As a business owner, you know what a great client is and how much they mean to your business.
Sustainable growth – not to mention the sheer enjoyment of great clients or customers – can be a measurable outcome of good client practices.
Revenue, profit, brand equity and ‘social referability’ – how likely it is that your business is recommended to someone else – are qualities that can be achieved through observing and upholding some simple principles and practices.
As you start in business, any client is a good client. Over time, you will likely find that some clients are not profitable or valuable to your business (we’ll return to this idea later in the article).
A client scorecard will help you review your relationship with your clients and help you understand what type of clients are best for your business.
You determine these qualities, and every business will be different. By this, I mean what aspects add value – for example, a client who will praise your business and refer potential clients to you provides value to your business. Conversely, some clients may seem unwilling or unaware of your commitment to fulfilling their needs and expectations no matter what you do.
Now take a second look at your list. Ask yourself:
Attracting and converting the right customers can influence the ongoing success of your business long after the initial sale.
With the insights you’ve gained through this exercise, try building an avatar – a mock profile – of the ‘perfect client’ and perhaps ‘the difficult client’. What characteristics would they have?
As a result, your optimal clients will stand out, helping you understand the types of clients you don’t want to target or cannot service.
Every business would (more or less) be able to say what their clients or customers value. After all, as business owners, we interact with them every day.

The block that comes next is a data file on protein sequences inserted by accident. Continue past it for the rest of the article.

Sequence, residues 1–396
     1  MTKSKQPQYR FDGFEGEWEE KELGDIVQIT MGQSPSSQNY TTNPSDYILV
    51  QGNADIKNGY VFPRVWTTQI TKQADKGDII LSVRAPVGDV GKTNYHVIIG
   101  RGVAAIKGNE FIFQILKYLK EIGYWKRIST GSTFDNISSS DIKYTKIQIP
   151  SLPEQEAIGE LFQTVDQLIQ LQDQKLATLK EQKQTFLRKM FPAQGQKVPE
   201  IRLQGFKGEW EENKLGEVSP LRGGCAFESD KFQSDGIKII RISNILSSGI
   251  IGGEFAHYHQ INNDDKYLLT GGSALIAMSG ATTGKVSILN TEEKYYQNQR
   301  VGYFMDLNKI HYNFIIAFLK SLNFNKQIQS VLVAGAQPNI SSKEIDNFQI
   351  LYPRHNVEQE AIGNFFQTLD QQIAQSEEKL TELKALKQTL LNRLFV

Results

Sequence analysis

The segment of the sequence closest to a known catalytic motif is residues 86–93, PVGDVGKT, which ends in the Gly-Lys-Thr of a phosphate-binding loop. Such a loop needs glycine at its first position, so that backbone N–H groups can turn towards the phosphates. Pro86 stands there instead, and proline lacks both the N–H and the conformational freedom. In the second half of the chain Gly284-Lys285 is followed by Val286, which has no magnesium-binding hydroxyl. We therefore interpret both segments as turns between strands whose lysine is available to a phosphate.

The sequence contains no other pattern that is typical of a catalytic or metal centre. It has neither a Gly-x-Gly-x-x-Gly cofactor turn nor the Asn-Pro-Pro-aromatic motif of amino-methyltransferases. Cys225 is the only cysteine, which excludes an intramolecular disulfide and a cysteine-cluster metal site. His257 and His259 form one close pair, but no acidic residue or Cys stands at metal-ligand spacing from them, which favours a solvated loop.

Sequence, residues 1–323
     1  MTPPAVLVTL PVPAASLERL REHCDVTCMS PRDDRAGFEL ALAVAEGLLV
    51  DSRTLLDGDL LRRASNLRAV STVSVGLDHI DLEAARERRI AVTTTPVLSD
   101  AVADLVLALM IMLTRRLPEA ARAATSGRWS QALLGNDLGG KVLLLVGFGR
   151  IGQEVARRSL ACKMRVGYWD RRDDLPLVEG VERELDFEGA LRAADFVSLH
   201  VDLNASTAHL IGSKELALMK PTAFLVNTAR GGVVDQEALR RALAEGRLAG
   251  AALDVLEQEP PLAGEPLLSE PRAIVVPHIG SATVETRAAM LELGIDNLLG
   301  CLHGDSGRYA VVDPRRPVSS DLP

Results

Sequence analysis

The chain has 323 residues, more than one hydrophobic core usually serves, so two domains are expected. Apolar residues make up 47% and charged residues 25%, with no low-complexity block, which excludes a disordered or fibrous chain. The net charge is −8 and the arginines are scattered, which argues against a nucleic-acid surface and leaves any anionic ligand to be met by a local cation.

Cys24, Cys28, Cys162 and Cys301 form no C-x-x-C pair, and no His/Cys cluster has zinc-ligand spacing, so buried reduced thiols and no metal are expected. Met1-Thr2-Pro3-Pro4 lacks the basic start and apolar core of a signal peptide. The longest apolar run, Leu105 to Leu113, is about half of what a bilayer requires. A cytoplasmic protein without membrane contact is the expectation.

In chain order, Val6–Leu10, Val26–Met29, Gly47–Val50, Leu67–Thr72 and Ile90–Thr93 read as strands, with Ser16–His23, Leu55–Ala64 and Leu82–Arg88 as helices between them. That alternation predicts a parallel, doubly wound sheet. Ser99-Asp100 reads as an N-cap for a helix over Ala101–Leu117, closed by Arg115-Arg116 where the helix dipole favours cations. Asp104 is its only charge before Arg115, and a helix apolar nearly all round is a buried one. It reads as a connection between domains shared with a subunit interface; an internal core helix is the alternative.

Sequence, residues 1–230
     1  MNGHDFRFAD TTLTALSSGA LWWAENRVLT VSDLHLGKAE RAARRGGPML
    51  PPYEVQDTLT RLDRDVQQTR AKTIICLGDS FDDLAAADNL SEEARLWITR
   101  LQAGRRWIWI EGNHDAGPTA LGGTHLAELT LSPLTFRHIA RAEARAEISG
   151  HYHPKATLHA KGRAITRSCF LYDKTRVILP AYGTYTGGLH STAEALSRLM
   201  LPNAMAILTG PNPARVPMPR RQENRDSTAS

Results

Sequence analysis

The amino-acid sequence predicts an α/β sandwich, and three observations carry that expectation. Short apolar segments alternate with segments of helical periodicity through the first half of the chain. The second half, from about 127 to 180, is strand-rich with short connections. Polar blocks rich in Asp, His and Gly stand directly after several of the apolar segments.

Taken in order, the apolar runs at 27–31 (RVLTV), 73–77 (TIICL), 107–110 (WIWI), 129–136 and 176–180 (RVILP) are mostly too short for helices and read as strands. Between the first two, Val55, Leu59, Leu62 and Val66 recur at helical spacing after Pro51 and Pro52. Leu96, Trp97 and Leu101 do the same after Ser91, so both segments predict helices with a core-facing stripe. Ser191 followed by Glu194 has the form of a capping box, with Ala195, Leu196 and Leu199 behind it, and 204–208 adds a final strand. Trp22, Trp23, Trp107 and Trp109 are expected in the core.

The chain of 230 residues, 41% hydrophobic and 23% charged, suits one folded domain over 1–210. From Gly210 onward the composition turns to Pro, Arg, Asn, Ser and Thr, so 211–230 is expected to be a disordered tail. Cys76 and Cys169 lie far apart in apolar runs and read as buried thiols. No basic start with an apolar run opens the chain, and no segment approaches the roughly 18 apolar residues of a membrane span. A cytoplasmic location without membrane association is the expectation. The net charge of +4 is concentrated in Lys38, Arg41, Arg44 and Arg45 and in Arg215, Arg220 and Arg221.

But over time, and particularly under pressure, we can become a little assumptive and take things for granted.
Clients will generally not give this value too much thought – until it’s missing.
As consumers, we are constantly on our customer journey as our everyday wants and needs are fulfilled. What makes up your sense of value to a prospect and then to a client? Where do you focus your attention? And how does it define your loyalty and preferences?
Importantly, how does your product or service offer match the wants, needs and expectations of your clients?
A quick, easy way is to step back from your business and reflect on:
Identifying what makes up our value to clients can be a little daunting. However, you are already providing products or services to them, so they are perfect for enabling you to identify opportunities to provide better ‘value’.
At the right time and in the proper manner, reach out to your clients.
Ask them sincerely and curiously and then – this is the important bit – listen. Being prepared to hold a conversation, driven by a commitment for their benefit, through empathy and what truly matters – will usually be quite constructive and informative.
Some ways to go about this conversation could include:
Done well and consistently, this simple investment can ensure you’re always providing value for your clients and can transform a good business into a great company.
We live in a world that, like it or not, values or even demands ‘easy’. Access to nearly anything is a reach away on your mobile phone. Our shopping trends, established for so long, are now entrenched in a digital world.
Influence has fundamentally shifted from the provider to the buyer.
Our opportunity is to ensure that every step of the way for prospective clients is simple, engaging and fulfilling.
Is your business ‘easy’ to access? For many businesses, the internet has meant a website, social platforms and other forms of media are prominent and accessible. However, experience now tells us that it’s a little more.